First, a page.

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Planned Giving

Professor Roger Kennedy: Telling the American Story

Roger Kennedy

Roger G. Kennedy

GW Professor Brought Dorothy's Ruby Slippers to Smithsonian, Fought for the Preservation of National Parks

Former GW professor of American Studies Roger G. Kennedy held many other important responsibilities during his long and successful career. In addition to serving six U.S. presidents, creating acclaimed documentaries for PBS, and reporting from Washington, D.C., for NBC News, the late Mr. Kennedy was the man who brought Dorothy's ruby slippers, Archie Bunker's chair, and Kermit the Frog to the Smithsonian Institution's National Museum of American History.

To top off his illustrious career, Mr. Kennedy led the National Park Service during the mid-1990s to a rejuvenation and expansion of the country's national park system. Roger Kennedy led a life that most of us can truly admire—steeped in learning about the world and dedicated to the notion that the best kind of legacy each of us can leave is an open door through which others may walk.

Sharing His Passion With the World
From start to finish, Mr. Kennedy's life's work reflected a passion for educating people about American history. Thus, when he was planning his estate, he gave considerable thought to how his plan could sustain his lifelong commitment to and enthusiasm for education and American history.

This commitment inspired him to designate a significant portion of his assets—which will ultimately come to GW through his wife Frances' estate—to establish the Roger G. Kennedy Fellowship Program in GW's Columbian College of Arts and Sciences.

This future endowed Fellowship Program will provide tuition support to enable National Park Service employees of three years' standing the opportunity to earn graduate credits at GW as "Kennedy Fellows." Ideally they, in turn, will be inspired to teach others about the wonders of America—be it the country's natural beauty, its rich heritage, or its venerable history.

In 1979, Mr. Kennedy arrived at the National Museum of American History ready to share his passion for knowledge with the world. As its director, he threw open the doors to "America's attic" with provocative exhibitions that featured the set of the TV show M*A*S*H and explored the internment of Japanese- Americans during World War II, among others.

What he cared most about was drawing people into the museum and keeping them engaged while there. A natural teacher, he had no qualms about dispensing knowledge, once declaring to Newsweek that "I'll teach history to anybody I can get my mitts on."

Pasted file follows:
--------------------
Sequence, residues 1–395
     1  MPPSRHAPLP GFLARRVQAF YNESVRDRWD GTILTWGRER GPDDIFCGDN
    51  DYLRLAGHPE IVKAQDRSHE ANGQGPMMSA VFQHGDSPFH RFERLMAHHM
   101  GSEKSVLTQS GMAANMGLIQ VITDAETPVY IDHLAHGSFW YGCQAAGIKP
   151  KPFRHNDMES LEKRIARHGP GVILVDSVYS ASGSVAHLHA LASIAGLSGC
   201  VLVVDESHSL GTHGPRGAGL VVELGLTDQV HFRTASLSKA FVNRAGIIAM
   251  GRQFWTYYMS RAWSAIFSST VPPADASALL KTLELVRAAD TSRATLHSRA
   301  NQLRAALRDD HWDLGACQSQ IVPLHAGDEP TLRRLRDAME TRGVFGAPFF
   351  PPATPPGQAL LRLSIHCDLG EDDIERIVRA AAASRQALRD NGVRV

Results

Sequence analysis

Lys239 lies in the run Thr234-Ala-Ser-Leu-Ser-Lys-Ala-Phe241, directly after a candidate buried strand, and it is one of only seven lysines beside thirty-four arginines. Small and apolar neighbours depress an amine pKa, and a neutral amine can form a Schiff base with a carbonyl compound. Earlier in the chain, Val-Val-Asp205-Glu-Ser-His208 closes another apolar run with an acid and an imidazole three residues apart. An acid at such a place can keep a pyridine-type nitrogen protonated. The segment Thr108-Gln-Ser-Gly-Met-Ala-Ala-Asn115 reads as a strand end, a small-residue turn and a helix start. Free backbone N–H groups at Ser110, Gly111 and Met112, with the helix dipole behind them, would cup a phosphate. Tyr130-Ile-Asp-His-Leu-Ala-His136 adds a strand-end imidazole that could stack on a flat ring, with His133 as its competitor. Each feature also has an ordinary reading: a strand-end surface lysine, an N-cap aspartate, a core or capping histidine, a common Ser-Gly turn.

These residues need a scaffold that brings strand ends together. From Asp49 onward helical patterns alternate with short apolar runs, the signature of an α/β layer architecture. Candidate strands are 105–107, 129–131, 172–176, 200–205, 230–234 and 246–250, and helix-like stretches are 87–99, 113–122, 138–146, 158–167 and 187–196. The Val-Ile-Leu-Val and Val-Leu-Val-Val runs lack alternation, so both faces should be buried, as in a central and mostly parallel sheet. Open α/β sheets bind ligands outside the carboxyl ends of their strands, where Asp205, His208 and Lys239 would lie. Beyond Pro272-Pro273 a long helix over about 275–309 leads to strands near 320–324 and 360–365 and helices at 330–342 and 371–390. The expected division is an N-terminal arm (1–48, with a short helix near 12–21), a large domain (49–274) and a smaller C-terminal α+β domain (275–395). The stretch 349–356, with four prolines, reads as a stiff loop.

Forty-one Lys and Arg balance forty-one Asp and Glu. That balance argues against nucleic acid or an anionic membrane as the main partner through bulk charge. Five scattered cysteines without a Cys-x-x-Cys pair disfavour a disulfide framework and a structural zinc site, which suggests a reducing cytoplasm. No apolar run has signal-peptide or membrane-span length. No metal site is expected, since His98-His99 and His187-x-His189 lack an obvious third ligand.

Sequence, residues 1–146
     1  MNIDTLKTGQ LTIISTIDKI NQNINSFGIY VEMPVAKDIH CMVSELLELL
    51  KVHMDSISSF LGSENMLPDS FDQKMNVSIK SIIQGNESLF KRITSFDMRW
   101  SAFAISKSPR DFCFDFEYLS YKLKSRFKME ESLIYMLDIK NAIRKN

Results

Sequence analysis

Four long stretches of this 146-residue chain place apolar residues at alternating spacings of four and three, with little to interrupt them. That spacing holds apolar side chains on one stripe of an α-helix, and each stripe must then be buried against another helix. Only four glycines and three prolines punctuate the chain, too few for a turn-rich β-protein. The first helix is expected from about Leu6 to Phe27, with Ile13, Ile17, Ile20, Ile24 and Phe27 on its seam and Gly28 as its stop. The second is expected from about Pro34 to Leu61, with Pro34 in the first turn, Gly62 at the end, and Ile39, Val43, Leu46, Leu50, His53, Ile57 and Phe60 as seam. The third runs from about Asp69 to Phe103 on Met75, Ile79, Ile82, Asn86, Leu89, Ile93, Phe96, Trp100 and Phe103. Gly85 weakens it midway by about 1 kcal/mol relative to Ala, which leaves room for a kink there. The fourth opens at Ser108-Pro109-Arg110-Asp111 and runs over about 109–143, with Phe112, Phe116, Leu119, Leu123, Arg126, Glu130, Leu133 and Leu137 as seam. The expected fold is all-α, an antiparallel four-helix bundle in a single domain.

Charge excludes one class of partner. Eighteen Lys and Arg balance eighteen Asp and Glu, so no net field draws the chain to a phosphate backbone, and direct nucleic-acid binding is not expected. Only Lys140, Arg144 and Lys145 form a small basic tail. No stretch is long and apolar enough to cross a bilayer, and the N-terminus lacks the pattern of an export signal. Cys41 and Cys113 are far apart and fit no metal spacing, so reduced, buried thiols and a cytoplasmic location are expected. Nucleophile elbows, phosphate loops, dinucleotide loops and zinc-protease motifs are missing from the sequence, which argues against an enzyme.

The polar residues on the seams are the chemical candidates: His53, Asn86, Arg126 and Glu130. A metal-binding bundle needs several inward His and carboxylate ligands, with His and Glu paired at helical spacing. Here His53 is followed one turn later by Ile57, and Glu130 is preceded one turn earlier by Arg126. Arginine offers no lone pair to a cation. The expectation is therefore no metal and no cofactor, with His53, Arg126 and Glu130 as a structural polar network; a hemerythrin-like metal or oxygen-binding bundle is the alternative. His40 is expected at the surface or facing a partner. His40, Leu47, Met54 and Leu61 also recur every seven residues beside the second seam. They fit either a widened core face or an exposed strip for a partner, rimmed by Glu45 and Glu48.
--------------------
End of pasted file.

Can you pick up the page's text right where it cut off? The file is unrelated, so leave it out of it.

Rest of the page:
Creating Curators
Thirteen years later, the ebullient Mr. Kennedy was tapped for the top spot at the National Park Service, where he was known and admired for wearing the Park Service uniform in a show of solidarity with his national staff, and where he created a culture within the organization that empowered them to act not only as employees, but as the country's frontline curators of American history.

Eight parks were added to the system under his leadership, and he fought fiercely to protect the NPS from Congressional interference in its scope and authority. When Mr. Kennedy died in September of 2011, the Park Service's current director, Jonathan B. Jarvis, observed, "Roger made it possible for everyone to have a stake in the national parks, and made the National Park Service part of school curriculums throughout the nation."

How You Can Join Roger G. Kennedy in His Efforts
Today, with the Roger G. Kennedy Fellowship Program assured at GW through a generous future endowment, friends and family are working actively to raise funds to trigger the program into an early start.

They are committed to honoring Mr. Kennedy's vision and hope to give NPS employees access to this unique educational opportunity sooner rather than later. Columbian College Dean Peg Barratt hopes to launch the program in January of 2013, and, in so doing, bring the Roger Kennedy Fellowships to reality. Please contact John Kendrick at 877-498-7590 or pgiving1@gwu.edu if you would like to learn about how you can help carry on Roger's devotion to our history or create your own legacy at GW.

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